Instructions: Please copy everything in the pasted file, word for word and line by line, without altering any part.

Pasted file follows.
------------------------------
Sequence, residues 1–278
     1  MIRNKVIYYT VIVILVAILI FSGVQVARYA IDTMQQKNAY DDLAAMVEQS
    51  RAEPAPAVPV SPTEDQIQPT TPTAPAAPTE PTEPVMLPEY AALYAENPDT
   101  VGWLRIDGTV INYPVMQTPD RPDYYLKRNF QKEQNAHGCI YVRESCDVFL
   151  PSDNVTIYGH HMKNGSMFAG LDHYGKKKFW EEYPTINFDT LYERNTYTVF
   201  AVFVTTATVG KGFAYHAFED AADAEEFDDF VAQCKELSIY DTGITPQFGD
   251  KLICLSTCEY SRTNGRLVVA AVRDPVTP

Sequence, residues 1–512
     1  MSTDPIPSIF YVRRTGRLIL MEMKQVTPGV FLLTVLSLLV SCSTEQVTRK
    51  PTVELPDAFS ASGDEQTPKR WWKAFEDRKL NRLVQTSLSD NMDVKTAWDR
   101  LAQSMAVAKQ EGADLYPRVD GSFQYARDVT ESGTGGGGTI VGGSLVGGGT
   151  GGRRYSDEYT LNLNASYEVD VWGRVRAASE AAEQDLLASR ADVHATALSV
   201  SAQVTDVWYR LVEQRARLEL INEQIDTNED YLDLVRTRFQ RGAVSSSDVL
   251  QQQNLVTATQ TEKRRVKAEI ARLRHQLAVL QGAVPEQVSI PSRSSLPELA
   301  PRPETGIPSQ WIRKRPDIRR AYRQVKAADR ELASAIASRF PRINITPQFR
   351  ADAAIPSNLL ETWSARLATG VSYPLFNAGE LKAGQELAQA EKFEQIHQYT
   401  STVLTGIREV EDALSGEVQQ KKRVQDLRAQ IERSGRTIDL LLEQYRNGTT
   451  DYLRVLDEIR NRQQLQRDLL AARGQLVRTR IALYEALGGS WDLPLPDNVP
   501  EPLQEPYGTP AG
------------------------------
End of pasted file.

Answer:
Sequence, residues 1–278
     1  MIRNKVIYYT VIVILVAILI FSGVQVARYA IDTMQQKNAY DDLAAMVEQS
    51  RAEPAPAVPV SPTEDQIQPT TPTAPAAPTE PTEPVMLPEY AALYAENPDT
   101  VGWLRIDGTV INYPVMQTPD RPDYYLKRNF QKEQNAHGCI YVRESCDVFL
   151  PSDNVTIYGH HMKNGSMFAG LDHYGKKKFW EEYPTINFDT LYERNTYTVF
   201  AVFVTTATVG KGFAYHAFED AADAEEFDDF VAQCKELSIY DTGITPQFGD
   251  KLICLSTCEY SRTNGRLVVA AVRDPVTP

Sequence, residues 1–512
     1  MSTDPIPSIF YVRRTGRLIL MEMKQVTPGV FLLTVLSLLV SCSTEQVTRK
    51  PTVELPDAFS ASGDEQTPKR WWKAFEDRKL NRLVQTSLSD NMDVKTAWDR
   101  LAQSMAVAKQ EGADLYPRVD GSFQYARDVT ESGTGGGGTI VGGSLVGGGT
   151  GGRRYSDEYT LNLNASYEVD VWGRVRAASE AAEQDLLASR ADVHATALSV
   201  SAQVTDVWYR LVEQRARLEL INEQIDTNED YLDLVRTRFQ RGAVSSSDVL
   251  QQQNLVTATQ TEKRRVKAEI ARLRHQLAVL QGAVPEQVSI PSRSSLPELA
   301  PRPETGIPSQ WIRKRPDIRR AYRQVKAADR ELASAIASRF PRINITPQFR
   351  ADAAIPSNLL ETWSARLATG VSYPLFNAGE LKAGQELAQA EKFEQIHQYT
   401  STVLTGIREV EDALSGEVQQ KKRVQDLRAQ IERSGRTIDL LLEQYRNGTT
   451  DYLRVLDEIR NRQQLQRDLL AARGQLVRTR IALYEALGGS WDLPLPDNVP
   501  EPLQEPYGTP AG